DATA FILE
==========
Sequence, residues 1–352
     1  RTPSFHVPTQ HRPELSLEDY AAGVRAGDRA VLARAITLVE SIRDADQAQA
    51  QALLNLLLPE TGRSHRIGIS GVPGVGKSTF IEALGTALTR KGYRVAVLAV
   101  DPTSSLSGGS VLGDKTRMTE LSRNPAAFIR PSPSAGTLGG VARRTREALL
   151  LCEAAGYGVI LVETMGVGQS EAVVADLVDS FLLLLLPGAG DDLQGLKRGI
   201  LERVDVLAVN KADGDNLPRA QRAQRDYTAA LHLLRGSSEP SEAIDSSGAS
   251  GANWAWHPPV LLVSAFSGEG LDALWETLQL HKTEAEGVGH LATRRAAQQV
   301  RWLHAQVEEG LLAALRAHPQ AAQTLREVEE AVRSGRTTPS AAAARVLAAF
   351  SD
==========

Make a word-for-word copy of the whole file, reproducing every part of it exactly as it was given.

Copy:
Sequence, residues 1–352
     1  RTPSFHVPTQ HRPELSLEDY AAGVRAGDRA VLARAITLVE SIRDADQAQA
    51  QALLNLLLPE TGRSHRIGIS GVPGVGKSTF IEALGTALTR KGYRVAVLAV
   101  DPTSSLSGGS VLGDKTRMTE LSRNPAAFIR PSPSAGTLGG VARRTREALL
   151  LCEAAGYGVI LVETMGVGQS EAVVADLVDS FLLLLLPGAG DDLQGLKRGI
   201  LERVDVLAVN KADGDNLPRA QRAQRDYTAA LHLLRGSSEP SEAIDSSGAS
   251  GANWAWHPPV LLVSAFSGEG LDALWETLQL HKTEAEGVGH LATRRAAQQV
   301  RWLHAQVEEG LLAALRAHPQ AAQTLREVEE AVRSGRTTPS AAAARVLAAF
   351  SD